This week, we showed in GDL-IL (Google developer live Israel) how to work with google compute engine. Google Compute Engine offers scalable and flexible virtual machine computing capabilities in the cloud. You can solve large scale processing and analytic problems on Google’s computing, storage, and networking infrastructure. It’s also great option to ‘play’ with a server (web service) in the cloud and scale it efficiently. It’s *open for all* and it got some powerful features like:
- Sub-Hour Billing: Users who wish to save more and get granular billing increments can do it. All instances are charged for in one-minute increments with a ten-minute minimum, so you don’t pay for compute minutes that you don’t use.
- New shared-core instance types: Compute Engine’s new micro and small instance types are designed as a cost-effective option for running small workloads that don’t need a lot of CPU power, like development and test workloads.
- Larger Persistent Disks: You can attach up to 10 terabytes of persistent disk to a Compute Engine virtual machine, giving you plenty of persistent storage for a wide variety of applications.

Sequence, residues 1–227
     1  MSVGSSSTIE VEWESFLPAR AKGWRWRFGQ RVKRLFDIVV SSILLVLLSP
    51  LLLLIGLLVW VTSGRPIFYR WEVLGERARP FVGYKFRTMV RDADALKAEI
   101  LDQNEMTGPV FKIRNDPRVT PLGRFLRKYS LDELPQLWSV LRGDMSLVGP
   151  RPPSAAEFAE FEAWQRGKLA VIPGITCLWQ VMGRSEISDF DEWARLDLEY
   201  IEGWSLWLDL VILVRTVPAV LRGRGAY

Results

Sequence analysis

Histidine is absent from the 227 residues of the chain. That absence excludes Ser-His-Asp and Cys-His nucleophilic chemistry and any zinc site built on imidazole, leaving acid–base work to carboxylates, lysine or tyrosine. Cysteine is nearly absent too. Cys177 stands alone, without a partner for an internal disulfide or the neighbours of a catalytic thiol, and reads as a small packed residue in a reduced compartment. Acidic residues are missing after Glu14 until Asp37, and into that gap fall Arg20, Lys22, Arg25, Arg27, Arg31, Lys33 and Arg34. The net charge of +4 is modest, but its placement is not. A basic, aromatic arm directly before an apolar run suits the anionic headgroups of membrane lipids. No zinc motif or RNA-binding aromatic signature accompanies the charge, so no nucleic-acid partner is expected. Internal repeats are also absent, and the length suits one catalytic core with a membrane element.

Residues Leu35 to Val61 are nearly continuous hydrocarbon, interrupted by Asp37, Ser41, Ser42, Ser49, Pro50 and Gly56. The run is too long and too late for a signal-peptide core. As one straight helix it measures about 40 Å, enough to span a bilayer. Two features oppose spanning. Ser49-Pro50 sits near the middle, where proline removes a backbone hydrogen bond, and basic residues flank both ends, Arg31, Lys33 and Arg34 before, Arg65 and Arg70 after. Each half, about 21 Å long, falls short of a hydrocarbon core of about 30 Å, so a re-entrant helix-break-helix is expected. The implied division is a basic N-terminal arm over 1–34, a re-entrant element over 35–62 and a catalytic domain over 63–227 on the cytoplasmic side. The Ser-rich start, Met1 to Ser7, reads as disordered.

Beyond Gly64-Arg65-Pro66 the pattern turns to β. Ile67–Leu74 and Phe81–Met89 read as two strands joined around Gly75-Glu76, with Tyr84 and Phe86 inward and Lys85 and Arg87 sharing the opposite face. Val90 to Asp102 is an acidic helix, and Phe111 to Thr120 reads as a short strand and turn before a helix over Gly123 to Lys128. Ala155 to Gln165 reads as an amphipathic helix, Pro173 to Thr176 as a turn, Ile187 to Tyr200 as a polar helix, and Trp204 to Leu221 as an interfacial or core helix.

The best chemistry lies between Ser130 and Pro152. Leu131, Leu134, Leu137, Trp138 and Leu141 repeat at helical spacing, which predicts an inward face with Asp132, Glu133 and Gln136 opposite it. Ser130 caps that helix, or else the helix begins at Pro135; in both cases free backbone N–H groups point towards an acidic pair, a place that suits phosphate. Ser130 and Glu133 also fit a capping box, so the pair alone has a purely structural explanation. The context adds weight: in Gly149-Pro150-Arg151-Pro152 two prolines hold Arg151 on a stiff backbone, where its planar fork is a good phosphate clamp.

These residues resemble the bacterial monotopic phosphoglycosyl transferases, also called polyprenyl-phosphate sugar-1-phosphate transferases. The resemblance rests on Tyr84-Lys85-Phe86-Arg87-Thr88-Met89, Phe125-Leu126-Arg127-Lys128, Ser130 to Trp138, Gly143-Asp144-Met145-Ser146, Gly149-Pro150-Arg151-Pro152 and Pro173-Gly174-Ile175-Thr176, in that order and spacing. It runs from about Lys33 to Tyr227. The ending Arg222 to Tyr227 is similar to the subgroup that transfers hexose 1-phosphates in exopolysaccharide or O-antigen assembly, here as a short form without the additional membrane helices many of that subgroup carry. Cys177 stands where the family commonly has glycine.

- Advanced Routing Capabilities: Compute Engine now supports software-defined routing capabilities based on our broad SDN innovation. These capabilities are designed to handle your advanced network routing needs like configuring instances to function as:
- VPN servers
- And any other systems that span your local network and Google’s cloud.
This tutorial touch the main steps. Enjoy.
The 5 easy steps to have a new machine
- Go to the Google Cloud Console.
- Select your desired project to enable Google Compute Engine.
- Click on Create Project.
- Activate Google Compute Engine – Click on Compute Engine to activate the service.
- Set up billing – Google Compute Engine will prompt you to set up billing before you can use the service.
You can now ssh to your machine and start building your project. For more details you can checkout this ‘hello world/compute engine‘ document.